August 5, 2019

Fellowship Program Gives Undergrads Glimpse Into Biomedical Research Careers

By Susan Van Dusen

“I want to be a scientist, most definitely,” said Walters, a native Jamaican and biochemistry major at the University of Arkansas at Pine Bluff.

That dream of a future in the research field was cemented by Walters’ two-time participation in a summer fellowship at UAMS sponsored by Arkansas INBRE, a program funded by the National Institutes of Health (NIH) and designed to promote biomedical research capacity and support for promising undergraduate students.

Larry Cornett, Ph.D., associate vice chancellor for research at UAMS, serves as principal investigator for Arkansas INBRE and has worked on the Summer Research Fellowship Program since its inception in 2002.

“The summer program is one of the most exciting parts of my job. It opens doors for students, many of whom are the first person in their family to attend college, and shows them firsthand what it takes to be part of a research team,” Cornett said.

INBRE Summer Research Fellow Huddoy Walters (back) works with mentor Antino Allen, Ph.D., in his lab at UAMS.

INBRE Summer Research Fellow Huddoy Walters (back) works with mentor Antino Allen, Ph.D., in his lab at UAMS.

In addition to pairing rising juniors and seniors with scientists at UAMS, students in the 10-week program also are placed at the University of Arkansas in Fayetteville and the University of Arkansas at Little Rock, which participate in Arkansas INBRE as research-intensive lead institutions. In 2019, a total of 13 students participated at UAMS, and three took part at the University of Arkansas.

During his first stint in the program during summer 2018, Walters conducted biochemistry research in a lab at the University of Arkansas. He spent the following summer at UAMS working alongside Antino Allen, Ph.D., associate professor in the UAMS College of Pharmacy Department of Pharmaceutical Sciences.

“My first research experience was in a program much like the INBRE Summer Research Fellowship. Now, by serving as a mentor, I can provide the same type of opportunities to the next generation of scientists,” said Allen, whose research examines how inflammation and oxidative stress affect neuronal anatomy and cognitive function after exposure to X-rays, heavy ion irradiation or traumatic brain injury.

For participant Madison Blue, the program provided the chance to experience graduate-level research before completing her biochemistry degree at Hendrix College in Conway.

“The fellowship program helped prepare me for what I’ll encounter in graduate school, and I didn’t have to leave Arkansas to participate,” said Blue, a Jonesboro native.

Blue, Walters and the additional fellows also participated in weekly workshops addressing topics such as research ethics and science writing. To wrap up their experience, they presented their research at the Central Arkansas Undergraduate Research Symposium, held July 26 at UAMS. A travel award offered to each summer fellow gives them an additional opportunity to present their research at an upcoming symposium or conference of their choice.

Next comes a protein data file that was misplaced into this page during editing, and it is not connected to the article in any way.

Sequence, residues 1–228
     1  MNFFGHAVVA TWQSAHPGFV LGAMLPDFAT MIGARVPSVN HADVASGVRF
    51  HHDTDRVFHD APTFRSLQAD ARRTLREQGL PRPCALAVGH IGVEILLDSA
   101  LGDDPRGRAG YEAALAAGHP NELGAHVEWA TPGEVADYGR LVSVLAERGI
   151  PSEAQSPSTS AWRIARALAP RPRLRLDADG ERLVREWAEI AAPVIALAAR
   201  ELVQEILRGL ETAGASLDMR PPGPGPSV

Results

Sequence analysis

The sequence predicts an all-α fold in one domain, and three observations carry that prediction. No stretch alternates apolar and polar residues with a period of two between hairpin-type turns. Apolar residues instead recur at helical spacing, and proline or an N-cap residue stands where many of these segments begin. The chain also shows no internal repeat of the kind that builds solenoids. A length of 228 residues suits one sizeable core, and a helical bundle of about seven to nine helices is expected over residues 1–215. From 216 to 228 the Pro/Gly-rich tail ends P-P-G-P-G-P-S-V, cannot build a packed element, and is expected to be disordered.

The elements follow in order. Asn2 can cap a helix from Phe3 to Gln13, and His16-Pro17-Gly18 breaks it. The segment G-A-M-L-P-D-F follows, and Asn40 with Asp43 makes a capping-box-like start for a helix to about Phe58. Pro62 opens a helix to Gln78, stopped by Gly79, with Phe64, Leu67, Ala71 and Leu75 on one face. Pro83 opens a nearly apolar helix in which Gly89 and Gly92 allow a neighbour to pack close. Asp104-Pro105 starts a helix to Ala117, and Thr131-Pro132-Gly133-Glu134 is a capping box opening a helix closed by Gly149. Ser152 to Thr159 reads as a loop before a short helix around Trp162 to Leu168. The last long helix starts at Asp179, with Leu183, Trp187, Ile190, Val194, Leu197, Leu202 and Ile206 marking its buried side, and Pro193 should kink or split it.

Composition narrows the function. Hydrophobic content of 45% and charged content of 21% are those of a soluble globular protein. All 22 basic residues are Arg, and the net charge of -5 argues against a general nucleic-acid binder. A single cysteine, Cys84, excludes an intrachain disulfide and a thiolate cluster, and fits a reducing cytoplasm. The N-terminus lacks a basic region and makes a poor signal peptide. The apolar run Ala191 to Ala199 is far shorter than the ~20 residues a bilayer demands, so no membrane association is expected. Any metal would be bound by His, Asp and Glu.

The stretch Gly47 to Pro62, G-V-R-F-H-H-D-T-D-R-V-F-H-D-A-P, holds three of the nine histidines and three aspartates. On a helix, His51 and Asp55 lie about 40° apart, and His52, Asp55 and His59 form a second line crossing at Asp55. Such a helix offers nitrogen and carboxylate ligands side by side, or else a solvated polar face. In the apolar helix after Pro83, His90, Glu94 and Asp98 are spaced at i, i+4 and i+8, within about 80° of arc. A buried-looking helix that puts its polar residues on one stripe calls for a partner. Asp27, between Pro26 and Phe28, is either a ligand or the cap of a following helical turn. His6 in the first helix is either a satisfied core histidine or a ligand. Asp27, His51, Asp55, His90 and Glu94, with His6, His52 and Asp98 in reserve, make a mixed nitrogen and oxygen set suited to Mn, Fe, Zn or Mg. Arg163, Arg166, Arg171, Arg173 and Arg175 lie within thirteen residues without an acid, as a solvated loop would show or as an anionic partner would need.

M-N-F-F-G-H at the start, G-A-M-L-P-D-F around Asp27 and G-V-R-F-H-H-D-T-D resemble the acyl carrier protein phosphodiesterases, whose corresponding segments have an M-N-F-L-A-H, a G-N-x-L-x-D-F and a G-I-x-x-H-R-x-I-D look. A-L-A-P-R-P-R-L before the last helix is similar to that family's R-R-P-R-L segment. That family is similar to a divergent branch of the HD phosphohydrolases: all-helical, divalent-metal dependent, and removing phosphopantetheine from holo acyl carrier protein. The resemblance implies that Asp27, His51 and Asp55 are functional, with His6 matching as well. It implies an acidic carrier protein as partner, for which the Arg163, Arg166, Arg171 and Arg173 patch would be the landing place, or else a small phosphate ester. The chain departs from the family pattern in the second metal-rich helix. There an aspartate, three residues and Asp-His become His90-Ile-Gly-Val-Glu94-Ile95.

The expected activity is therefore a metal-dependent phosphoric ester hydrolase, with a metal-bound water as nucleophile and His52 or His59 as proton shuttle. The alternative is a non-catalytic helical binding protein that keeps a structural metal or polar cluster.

Robert Eoff, Ph.D., a cancer researcher who served as Blue’s mentor, said working with undergraduates brings a renewed energy to his lab and helps him improve his own teaching skills.

“For many of the students, this is their first exposure to biomedical research, so we have to break things down to be sure that the rationale for the study design and experimental details are clear and understandable,” said Eoff, associate professor in the UAMS College of Medicine Department of Biochemistry and Molecular Biology.

Eoff’s research team studies what happens when DNA damage is not repaired in a timely manner and ends up blocking the ability to replicate cells.

The fellowship program also serves the important function of connecting UAMS to undergraduate institutions across the state, where up-and-coming researchers begin their training.

The UAMS-based Arkansas INBRE program manages the initiative for partners that include the University of Arkansas at Pine Bluff, Arkansas State University, Hendrix College, Ouachita Baptist University, John Brown University and others.

“From my perspective, there’s a great cooperative spirit between UAMS and the colleges we work with across the state. It’s our goal to provide students with opportunities and experiences that elevate them to a level where they know first-hand what it means to perform biomedical research, which helps them become better advocates for science and more competitive applicants for grad school or other educational opportunities in the future,” Eoff said.

Cornett agreed, stating that he and the mentors grow attached to their students and continue to monitor their educational process. Two Summer Research Fellows have even gone on to become UAMS faculty members: Lindsey Dayer, Pharm.D., associate professor in the UAMS College of Pharmacy, and Stephanie Byrum, Ph.D., assistant professor in the UAMS College of Medicine.

“It’s always satisfying to see our fellows succeed in their chosen field,” Cornett said.

INBRE (IDeA Network of Biomedical Research Excellence) is funded by a grant from the National Institutes of Health under the Institutional Development Award (IDeA) Program of the National Institute of General Medical Sciences.